The Singapore summit has come and gone, and though the fact that it was convened at all is important in its own right, the bigger question is whether anything can come from it. North Korea has devoted substantial resources to its nuclear weapons program, apparently stopping just short of successfully testing an intercontinental ballistic missile that could strike the U.S. mainland. In other words, Washington’s red line has yet to be crossed. Considering the U.S. response – war – would have been costly and inconclusive, this was an enormous relief to the United States.
And so a sort of stalemate has emerged. North Korea has a regional nuclear capability that the United States will not destroy militarily. The U.S. retains its own massive military capability, along with forces in South Korea, Japan and the waters near North Korea. If North Korea acts aggressively, it forces a U.S. response. If the U.S. acts aggressively, it forces a North Korean response. Neither response is to be taken lightly.
The talks may have created a way out of the stalemate, but there is no indication of what that might be. According to the communique that was issued, the goal is the denuclearization of the Korean Peninsula. This is a reasonable goal, albeit hard to understand. North Korea’s nuclear weapons are located on the Korean Peninsula. The United States’ nuclear weapons are located in the U.S., in aircraft that fly the skies and in submarines that sail the seas. Negotiating the removal of a nuclear weapon from a U.S. base in, say, South Korea or Japan doesn’t really enhance North Korean security.
Both sides understand as much. After all, their calculus hasn’t changed. North Korea did not develop a nuclear weapons program only to bargain it away for a promise the U.S. may or may not keep – i.e., not attacking North Korea with a nuclear weapon. The United States is unlikely to use nuclear weapons. If war comes, it will be waged with sophisticated but conventional weapons. But more important, North Korea has no way to enforce such a promise. The U.S., on the other hand, can enforce North Korean promises by inspections. The U.S. is not going to give up its nuclear force.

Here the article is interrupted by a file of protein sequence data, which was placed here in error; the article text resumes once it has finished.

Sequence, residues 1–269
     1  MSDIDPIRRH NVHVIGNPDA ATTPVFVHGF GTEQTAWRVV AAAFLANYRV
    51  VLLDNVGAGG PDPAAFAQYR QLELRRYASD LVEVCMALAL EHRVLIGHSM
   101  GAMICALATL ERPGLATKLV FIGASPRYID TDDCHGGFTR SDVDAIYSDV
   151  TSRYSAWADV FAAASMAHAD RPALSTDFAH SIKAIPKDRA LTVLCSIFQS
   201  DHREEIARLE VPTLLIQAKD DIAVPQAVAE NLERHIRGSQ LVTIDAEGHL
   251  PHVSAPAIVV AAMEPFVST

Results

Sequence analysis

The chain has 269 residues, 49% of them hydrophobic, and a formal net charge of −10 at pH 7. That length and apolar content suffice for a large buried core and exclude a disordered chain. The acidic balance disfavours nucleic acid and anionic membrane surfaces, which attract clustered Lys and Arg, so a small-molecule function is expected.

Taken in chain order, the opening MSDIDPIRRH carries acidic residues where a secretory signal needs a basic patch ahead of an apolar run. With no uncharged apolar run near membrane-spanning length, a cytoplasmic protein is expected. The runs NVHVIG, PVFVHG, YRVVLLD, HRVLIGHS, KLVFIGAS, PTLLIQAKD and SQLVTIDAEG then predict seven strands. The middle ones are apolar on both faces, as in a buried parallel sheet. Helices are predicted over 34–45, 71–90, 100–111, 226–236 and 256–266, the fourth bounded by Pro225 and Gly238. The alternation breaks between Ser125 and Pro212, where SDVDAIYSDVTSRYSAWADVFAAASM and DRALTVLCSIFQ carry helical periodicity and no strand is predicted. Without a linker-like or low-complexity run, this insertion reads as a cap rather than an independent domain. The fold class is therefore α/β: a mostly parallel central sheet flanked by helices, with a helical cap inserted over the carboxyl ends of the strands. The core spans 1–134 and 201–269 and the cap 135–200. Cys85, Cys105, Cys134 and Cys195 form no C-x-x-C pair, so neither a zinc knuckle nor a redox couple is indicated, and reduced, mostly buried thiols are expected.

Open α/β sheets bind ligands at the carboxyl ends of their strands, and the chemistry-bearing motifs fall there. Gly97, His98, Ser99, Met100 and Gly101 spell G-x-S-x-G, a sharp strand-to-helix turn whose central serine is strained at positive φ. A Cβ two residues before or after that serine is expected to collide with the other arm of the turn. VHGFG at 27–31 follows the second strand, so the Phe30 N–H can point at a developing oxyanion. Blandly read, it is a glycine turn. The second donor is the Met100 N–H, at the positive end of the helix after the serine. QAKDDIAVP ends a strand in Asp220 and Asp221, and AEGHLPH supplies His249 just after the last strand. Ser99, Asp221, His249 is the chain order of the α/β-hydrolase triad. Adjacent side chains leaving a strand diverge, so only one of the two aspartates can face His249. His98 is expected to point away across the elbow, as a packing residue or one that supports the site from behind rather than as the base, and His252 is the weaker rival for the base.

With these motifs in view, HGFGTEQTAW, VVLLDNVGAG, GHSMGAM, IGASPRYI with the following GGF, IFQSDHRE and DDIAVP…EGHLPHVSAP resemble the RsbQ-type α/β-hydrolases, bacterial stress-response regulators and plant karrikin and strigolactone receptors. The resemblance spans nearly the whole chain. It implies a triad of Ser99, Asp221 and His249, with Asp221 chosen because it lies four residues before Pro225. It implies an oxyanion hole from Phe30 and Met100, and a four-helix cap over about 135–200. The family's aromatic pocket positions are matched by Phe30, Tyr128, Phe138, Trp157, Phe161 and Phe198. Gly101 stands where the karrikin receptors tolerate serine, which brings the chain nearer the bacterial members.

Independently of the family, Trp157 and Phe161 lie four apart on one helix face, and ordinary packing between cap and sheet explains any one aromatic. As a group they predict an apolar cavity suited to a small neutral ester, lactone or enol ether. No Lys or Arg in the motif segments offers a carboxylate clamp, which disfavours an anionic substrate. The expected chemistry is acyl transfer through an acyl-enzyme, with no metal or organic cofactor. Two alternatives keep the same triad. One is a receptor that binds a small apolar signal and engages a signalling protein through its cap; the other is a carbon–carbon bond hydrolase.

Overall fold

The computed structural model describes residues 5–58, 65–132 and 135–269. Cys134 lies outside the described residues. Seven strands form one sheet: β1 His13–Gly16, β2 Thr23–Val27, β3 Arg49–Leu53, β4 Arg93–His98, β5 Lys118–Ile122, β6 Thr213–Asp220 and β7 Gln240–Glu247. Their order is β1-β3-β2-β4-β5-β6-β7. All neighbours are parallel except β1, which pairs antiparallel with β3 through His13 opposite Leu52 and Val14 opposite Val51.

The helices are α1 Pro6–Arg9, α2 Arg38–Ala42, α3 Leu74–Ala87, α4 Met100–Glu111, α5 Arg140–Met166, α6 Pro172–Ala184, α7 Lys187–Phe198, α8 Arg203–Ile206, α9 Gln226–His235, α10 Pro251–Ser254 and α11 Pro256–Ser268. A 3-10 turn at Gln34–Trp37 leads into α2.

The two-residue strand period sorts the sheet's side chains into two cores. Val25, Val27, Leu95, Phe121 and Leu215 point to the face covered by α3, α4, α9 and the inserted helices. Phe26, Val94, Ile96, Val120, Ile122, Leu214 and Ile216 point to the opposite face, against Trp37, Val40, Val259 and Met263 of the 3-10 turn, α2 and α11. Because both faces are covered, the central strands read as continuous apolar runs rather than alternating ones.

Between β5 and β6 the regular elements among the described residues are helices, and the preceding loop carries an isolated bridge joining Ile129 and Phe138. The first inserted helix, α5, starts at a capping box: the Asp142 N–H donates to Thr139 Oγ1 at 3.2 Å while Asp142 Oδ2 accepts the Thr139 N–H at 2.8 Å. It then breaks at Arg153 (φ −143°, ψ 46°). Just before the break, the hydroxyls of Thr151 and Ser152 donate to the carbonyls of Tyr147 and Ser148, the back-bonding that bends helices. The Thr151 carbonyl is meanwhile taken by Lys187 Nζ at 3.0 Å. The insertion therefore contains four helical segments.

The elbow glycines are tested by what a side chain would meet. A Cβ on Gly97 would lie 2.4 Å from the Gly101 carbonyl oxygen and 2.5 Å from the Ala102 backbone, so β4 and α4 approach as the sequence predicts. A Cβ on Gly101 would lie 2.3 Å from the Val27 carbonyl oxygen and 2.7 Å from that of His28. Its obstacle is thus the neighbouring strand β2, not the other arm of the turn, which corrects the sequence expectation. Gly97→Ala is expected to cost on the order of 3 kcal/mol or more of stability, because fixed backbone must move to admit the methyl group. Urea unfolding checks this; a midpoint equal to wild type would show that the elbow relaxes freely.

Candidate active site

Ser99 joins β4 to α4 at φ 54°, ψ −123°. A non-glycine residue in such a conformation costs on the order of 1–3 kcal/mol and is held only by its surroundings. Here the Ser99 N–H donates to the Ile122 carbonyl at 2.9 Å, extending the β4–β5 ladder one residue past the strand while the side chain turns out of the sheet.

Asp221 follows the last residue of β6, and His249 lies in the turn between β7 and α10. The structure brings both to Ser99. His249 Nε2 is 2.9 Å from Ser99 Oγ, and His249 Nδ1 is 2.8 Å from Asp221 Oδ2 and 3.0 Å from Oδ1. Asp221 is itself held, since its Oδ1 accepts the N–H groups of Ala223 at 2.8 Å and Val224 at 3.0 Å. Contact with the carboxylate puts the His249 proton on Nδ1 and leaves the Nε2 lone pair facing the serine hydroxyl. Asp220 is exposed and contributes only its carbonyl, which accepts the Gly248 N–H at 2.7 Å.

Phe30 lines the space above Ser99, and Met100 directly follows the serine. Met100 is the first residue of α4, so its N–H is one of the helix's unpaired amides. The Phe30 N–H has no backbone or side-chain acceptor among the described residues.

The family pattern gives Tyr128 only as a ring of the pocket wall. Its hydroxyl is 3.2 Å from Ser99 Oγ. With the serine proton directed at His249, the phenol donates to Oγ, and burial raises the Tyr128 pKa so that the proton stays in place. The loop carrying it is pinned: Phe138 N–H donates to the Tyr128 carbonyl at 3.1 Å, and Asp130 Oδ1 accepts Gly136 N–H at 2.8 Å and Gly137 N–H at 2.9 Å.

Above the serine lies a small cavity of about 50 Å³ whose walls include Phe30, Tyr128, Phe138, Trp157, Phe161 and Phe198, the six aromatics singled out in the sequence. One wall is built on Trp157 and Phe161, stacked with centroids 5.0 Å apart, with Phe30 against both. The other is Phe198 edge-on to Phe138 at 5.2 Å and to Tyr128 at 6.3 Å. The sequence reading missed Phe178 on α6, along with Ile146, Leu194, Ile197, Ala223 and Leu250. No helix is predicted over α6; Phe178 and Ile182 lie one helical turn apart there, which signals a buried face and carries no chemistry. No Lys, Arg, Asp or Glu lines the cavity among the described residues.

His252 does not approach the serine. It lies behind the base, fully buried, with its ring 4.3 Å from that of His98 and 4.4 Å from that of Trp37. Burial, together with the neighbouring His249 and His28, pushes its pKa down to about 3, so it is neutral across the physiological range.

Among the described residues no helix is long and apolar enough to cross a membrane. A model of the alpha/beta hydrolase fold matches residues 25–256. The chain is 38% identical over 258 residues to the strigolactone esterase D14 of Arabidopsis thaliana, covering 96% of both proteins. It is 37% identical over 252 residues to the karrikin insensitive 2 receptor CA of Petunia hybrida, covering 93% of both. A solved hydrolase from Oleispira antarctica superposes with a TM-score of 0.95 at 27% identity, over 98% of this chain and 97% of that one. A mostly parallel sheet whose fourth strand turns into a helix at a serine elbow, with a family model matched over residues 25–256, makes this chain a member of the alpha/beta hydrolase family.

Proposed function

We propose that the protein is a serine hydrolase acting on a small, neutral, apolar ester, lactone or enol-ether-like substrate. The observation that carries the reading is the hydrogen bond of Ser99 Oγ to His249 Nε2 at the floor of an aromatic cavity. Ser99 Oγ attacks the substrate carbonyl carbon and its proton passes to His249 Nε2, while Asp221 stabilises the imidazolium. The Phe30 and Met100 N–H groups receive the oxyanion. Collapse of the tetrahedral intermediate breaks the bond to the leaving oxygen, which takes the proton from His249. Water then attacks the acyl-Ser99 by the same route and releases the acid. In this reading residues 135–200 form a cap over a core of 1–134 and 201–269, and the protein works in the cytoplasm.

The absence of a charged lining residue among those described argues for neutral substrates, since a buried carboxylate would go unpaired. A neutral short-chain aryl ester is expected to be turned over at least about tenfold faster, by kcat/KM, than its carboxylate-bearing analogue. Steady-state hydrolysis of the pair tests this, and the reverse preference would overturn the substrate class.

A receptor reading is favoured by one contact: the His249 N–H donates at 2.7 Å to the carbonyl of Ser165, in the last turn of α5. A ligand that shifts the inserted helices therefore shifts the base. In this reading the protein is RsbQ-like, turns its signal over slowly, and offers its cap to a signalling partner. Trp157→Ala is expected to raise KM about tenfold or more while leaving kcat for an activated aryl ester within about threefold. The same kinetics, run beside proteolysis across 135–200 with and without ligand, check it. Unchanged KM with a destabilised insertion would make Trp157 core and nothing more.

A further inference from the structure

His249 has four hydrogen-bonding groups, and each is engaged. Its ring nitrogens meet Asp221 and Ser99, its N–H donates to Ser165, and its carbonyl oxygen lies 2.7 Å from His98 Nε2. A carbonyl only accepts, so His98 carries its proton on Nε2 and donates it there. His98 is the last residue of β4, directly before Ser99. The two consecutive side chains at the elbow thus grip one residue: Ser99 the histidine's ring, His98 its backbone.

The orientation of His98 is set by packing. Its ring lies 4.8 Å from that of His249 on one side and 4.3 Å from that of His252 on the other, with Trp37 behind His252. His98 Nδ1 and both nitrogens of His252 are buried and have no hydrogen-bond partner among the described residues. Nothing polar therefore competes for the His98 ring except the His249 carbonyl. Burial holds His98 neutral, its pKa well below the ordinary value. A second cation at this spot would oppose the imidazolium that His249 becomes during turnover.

Therefore, North Korea wants something else, something more practical: some kind of drawdown of U.S. forces in South Korea and possibly Japan. That is the most practical security guarantee for North Korea, but one the United States will almost certainly refuse. For all South Korea’s work in the past few weeks, the U.S. presence is still what guarantees Seoul’s national security. As for Japan, the world’s third-largest economy and the foundation of U.S. strategy in the Western Pacific, a U.S. drawdown would force Japan to rearm, something about which Washington has mixed feelings.
Perhaps North Korea would simply accept the lifting of sanctions. But it knew its nuclear development would eventuate in sanctions, and it went ahead with it anyway. To incur those costs for nothing may well destabilize the Kim regime. Already there are indications in this regard, though with North Korea being North Korea, details are scarce. Still, you don’t need special insight into Pyongyang to know how unwise it is to abandon a decadeslong and incredibly expensive program – one on which the future of a country depends – for nothing in return.
The most likely outcome from the meeting, then, is the maintenance of the balance between North Korea and the United States that existed before the meeting. In all likelihood, the talks will continue through various channels, but as with many diplomatic efforts, an endless amount can unfold while the balance holds.
This would be acceptable for the North. It would allow the government there to save face by remaining a nuclear power, scoring valuable political points at home by showing the people it is strong enough to bring the United States to the negotiating table. The sanctions hurt, and North Korea has economic problems that can go on forever, but this at least buys Kim Jong Un some time. In the U.S., President Donald Trump wants a diplomatic success to demonstrate that his approach to foreign policy works, especially after a contentious G-7 summit. The U.S may prefer a settlement, but it can at least tolerate North Korea’s nuclear capability for now.
Both sides have domestic political reasons to settle, but it is not clear that either side can give the other what it needs to make the settlement. The U.S. can’t draw its forces down in the region. North Korea can’t simply abandon its weapons. This is not to trivialize such an unprecedented affair. Each side got something it wanted, and getting what they want will stabilize the situation, if only temporarily. But the stability is based on strategic reality more than on this meeting.